Edward Neele Johnston
Colonel, United States Army
The first graduate of the United States Military Academy Class of 1901 was Edward Neele Johnston. Hailing from St. Louis, Missouri, Johnston came from a very distinguished family line. His ancestors founded the Massachusetts Bay Colony, and one relative built the first church organ of New England in Salem in 1714. Another relative, Samuel Johnston, became the first president of Kings College, now known as Columbia University in New York City.
Before attending West Point, Johnston attended Washington College in Tacoma, Washington; Bishop Scott Military Academy in Portland, Oregon; and Leland Stanford University in California.
After graduation, “Mathy” was assigned to the 2d Battalion and stationed at Fort Totten, New York, and placed in charge of road and bridge construction. He then served in the U.S. with the 2d and 3rd Battalions of Engineers and was a student at the U.S. Engineer School and an instructor at USMA in the Department of Civil and Military Engineering. At the same time, he worked on the construction of the Lock and Dam Number 4 on the Ohio River.
His thesis was published and he invented an electrical movable distant control device for operating construction cableways. The patented rights eventually were sold to the General Electric Company.
Johnston was involved in many river and harbor projects that included the Mississippi River levee and bank protection; Keokuk Dam; the new lock at Sault St. Marie; Cumberland, Trinity, Ouachitas, Kentucky, and Ohio Rivers; and the jetties at Sabine Pass, Texas. He eventually was placed in charge of the U.S. Engineer office at Wilmington, Delaware, and was a member of the Board of Engineers for Rivers and Harbors.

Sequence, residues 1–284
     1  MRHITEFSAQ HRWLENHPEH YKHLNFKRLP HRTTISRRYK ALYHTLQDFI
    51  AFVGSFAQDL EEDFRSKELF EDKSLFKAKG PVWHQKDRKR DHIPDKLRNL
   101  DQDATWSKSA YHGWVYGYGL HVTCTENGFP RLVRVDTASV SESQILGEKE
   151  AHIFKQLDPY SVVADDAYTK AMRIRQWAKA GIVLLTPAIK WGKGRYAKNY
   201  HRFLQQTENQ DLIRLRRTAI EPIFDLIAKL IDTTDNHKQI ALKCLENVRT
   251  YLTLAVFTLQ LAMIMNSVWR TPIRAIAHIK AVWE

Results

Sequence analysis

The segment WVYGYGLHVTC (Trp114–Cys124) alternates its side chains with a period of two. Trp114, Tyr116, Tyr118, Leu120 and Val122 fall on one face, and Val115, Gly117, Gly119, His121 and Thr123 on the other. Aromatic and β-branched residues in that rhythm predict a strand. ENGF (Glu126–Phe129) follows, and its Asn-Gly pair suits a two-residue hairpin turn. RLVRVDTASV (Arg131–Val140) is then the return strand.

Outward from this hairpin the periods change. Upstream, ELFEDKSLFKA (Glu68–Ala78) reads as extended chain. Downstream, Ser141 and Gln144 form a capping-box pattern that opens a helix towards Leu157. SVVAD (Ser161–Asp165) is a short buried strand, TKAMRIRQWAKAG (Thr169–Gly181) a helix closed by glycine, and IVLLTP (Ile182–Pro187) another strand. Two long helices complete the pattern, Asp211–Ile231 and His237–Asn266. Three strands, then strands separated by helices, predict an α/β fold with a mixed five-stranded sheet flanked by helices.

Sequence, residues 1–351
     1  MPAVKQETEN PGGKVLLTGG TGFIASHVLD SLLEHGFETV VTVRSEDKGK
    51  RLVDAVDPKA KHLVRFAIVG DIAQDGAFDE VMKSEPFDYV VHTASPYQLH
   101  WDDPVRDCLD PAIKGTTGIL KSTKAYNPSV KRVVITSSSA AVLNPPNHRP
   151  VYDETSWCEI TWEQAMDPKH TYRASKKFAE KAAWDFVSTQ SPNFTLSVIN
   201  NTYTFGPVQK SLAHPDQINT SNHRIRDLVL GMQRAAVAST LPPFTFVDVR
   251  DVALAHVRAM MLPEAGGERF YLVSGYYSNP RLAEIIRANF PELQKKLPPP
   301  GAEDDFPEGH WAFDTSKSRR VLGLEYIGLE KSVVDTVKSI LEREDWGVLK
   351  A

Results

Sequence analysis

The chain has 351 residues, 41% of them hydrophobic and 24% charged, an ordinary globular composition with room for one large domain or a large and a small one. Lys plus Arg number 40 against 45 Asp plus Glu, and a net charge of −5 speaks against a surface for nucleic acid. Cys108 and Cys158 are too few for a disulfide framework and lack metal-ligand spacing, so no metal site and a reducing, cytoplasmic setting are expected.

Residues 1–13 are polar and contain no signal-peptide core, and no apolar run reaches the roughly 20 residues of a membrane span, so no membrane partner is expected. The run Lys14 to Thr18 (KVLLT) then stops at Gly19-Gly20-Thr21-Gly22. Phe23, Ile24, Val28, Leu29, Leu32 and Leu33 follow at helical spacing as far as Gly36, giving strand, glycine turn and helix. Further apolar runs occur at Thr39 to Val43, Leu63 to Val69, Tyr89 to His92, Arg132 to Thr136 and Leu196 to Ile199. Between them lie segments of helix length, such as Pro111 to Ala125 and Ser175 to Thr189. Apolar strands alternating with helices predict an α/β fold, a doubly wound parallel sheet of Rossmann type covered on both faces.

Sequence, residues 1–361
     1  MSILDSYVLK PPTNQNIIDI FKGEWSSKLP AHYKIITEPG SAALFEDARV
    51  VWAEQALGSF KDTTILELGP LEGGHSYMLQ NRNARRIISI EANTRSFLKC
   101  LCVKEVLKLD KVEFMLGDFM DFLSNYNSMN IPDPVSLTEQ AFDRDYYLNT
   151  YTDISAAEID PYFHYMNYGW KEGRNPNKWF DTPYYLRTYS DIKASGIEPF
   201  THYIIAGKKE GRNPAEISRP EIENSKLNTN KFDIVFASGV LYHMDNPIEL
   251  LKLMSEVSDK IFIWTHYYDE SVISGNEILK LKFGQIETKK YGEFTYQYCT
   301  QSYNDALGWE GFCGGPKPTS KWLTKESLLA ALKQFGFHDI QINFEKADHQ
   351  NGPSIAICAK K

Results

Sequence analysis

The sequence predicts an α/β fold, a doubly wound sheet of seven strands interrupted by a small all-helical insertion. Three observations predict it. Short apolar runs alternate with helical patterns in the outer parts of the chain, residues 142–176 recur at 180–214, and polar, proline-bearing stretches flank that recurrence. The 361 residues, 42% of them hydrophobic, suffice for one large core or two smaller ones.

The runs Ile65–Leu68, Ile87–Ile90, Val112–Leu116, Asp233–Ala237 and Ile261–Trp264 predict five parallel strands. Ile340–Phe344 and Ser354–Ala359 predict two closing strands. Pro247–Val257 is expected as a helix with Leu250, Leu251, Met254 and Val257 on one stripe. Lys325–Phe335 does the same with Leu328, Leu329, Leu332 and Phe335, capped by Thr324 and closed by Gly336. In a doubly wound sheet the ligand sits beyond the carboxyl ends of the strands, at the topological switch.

In 1916, Johnston was placed in charge of all new construction and improvements of the Chesapeake Bay on the Delaware, New Jersey, and Maryland coasts. In 1917, he was assigned as Commander of the 23rd Highway Engineers at Camp Meade, Maryland, and went with this regiment to France in 1918.
He then served as Assistant Chief of Chemical Warfare Services, A.E.F., in France until 1918.
Colonel Johnston retired in 1924 after an illustrious military career. He received the Distinguished Service Citation, Distinguished Service Medal, Distinguished Service Order, and Legion of Merit.
He died in San Francisco, California, in 1936
at the age of 60. He was buried in Arlington National Cemetery with
many classmates attending the services.
Posted: 10 March 2002 Updated: 8 March 2003 Updated: 22 December 2003 Updated: 12 September 2006